Earlier in the day we had stopped on our way out of Chiang Mai at an area where there were a variety of attractions to chose from: “Monkey School” and “Tiger Kingdom”…..mmm, cruel; “Snake farm” – too scary; “Orchid and Butterfly Gurdens” – not this time. I know: “Poo Poo Elephant Paper” – perfect (remember we are travelling with an 8 year old whose humour is all toilet related). So we went off to learn how to make paper from elephant poo….and we loved it, even Steve. The paper we helped make came out surprisingly well and totally non-smelly. The girls then spent half and hour decorating poo poo notebooks with a variety of designs – happy family.


We had planned on leaving the campsite at Huai Nam Dang the next afternoon after a walk but it was just too nice to leave. We were far too aware that it might be one of the last “proper” campsites until we get to Europe and that we’d be looking back at it wistfully over the next few months. We had a couple of charming walks along the paths to viewpoints and accidentally we wandered into the garden of one of the Royal Princess’s Palaces. A charming Swiss chalet style building in need of a lick of paint. It was a bit like wandering into Balmoral’s gardens but as there was no one around and the garden gate was wide open, we thought it must be ok. Later, the girls then took a picnic down to the camping field below us to enjoy one of their long and complicated secret imagination games.


Fully rested and refreshed, we continued along past the town’s of Pai and Mae Hong Son, where we swung into a tiny road past tiny farms and splashed through many stream crossings. We were on our way to a small village out in the forest, where some refugees from Myanmar’s brutal military regime have lived since the early 90’s. Unable to work legally in Thailand, the village supports itself by charging visitors a fee to take a look around – the draw: the part of the ladies’s traditional dress includes brass rings around their necks. Sometimes known in English as Karen longnecks, the rings press down the ribcage, so their necks appear elongated. We were fascinated to see such an extreme form of traditional dress and the villagers need an income source. The villages are not without their controversy but to be honest for us, it wasn’t much different from any rural tourist market we’ve seen all over SE Asia. As we walked over the small bamboo bridge into the main part of the village, the girls were delighted to see an elephant resting in the stream below. In the village, the famed long necked ladies were selling handwoven scarves and trinkets in a small market in amongst the houses. We were almost the only tourists there and the ladies were smilingly welcoming and happy to pose for photos. We bought a new sarong and the girls spent their pocket money – “human zoo” we didn’t think so.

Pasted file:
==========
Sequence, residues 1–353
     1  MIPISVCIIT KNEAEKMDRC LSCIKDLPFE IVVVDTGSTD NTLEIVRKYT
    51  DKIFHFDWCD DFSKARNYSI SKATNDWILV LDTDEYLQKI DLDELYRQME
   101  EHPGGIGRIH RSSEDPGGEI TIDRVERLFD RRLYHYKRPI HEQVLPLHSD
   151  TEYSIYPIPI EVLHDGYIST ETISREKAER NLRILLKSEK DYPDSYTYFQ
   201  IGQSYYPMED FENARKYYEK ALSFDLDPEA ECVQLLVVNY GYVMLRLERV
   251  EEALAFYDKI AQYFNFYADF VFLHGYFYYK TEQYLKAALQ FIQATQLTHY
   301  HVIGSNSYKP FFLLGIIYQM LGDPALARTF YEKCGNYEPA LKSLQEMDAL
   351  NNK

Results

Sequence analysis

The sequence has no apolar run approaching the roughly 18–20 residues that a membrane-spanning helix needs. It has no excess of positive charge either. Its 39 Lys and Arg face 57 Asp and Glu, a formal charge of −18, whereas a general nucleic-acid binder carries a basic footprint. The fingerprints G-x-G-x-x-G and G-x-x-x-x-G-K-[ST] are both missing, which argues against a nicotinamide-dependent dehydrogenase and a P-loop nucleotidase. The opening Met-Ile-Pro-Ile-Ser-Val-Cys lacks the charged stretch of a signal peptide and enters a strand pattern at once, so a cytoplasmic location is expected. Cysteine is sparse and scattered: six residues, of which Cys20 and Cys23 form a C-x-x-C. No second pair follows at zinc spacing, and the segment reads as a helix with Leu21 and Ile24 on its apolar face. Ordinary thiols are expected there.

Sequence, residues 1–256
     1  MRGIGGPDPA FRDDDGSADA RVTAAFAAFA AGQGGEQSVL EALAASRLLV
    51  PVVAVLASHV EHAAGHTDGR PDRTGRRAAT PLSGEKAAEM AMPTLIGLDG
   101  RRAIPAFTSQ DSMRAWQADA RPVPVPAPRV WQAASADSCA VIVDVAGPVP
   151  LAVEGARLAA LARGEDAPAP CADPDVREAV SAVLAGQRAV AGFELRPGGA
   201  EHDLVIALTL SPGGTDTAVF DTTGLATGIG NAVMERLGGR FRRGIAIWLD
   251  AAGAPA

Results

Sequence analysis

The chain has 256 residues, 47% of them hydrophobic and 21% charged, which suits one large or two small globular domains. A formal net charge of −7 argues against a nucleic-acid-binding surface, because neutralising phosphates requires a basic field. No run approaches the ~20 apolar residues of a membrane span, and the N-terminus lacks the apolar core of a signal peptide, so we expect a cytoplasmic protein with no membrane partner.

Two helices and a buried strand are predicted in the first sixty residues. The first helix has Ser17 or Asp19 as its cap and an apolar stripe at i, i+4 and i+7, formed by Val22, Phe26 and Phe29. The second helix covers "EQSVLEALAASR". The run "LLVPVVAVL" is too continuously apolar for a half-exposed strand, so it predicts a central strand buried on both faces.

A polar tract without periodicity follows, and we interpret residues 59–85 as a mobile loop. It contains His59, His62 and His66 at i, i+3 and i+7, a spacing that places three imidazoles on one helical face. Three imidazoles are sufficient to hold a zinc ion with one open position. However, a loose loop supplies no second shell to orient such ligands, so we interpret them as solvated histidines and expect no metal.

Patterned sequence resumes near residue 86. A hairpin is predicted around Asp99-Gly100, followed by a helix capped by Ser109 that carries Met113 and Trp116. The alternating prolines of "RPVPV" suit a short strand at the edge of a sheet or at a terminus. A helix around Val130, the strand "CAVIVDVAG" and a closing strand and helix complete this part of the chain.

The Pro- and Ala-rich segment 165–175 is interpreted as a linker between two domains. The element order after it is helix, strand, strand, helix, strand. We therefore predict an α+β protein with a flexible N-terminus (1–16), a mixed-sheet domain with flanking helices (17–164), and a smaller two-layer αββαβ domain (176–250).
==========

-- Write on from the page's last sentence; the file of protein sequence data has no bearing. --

Route 1095, continued through the hills with lovely pristine forest either side, interspersed with the odd hill tribe village strung along the road. We wanted to stop in the middle of the afternoon, so the girls could do their daily 2 hours of school but came across nowhere suitable. This side of Mae Hong Song, any signs in English had run out but eventually I saw one on a sign with one English word “birdwatching”, I jumped out to ask at a forestry commission building if they had a campsite or somewhere to stop, all through sign language. It transpired that yes they did , 4 “something” along the small road. Thankfully, it turned out the 4 “something” was kilometres and the small wildlife centre did have a campsite. Unfortunately it also had a low boom gate but they were happy for us to park for the night in the quiet lay-by opposite. The reservoir inside was a pretty spot and the guard was pleased to practice his English with us.
We were looking forward to our last night in a proper campsite in the hills at Ob Luang National Park. We had read it was a delightful spot beside a river, so made good time to get there early afternoon so we could enjoy it. We were greeted at the gate but 3 totally inebriated gentlemen : the caretaker, the gatekeeper and another employee. No, we couldn’t stay; yes, we could; quite a bit of shouting at us; one guy trying to get into the trucks lockers; then jumping up to try and get into the cab; eventually yes we could stay but only beside the road and that will be 300 baht to even look at it. At that point the glorious campsite we could see a glimpse of just beyond the gate became less attractive. So we got back on the road, a couple of hours later I saw a road down to a lake and we checked it out for a spot for the night. It turned out the lake had shrunk to the point that the tourist complex built for lake-side fun with a big carpark, Buddhist temple, toilets and a few stalls selling smoked fish was now 500m from the actual lake, it turned out to be a perfect spot for the night with just a few people coming down in the early evening and morning to walk their dogs.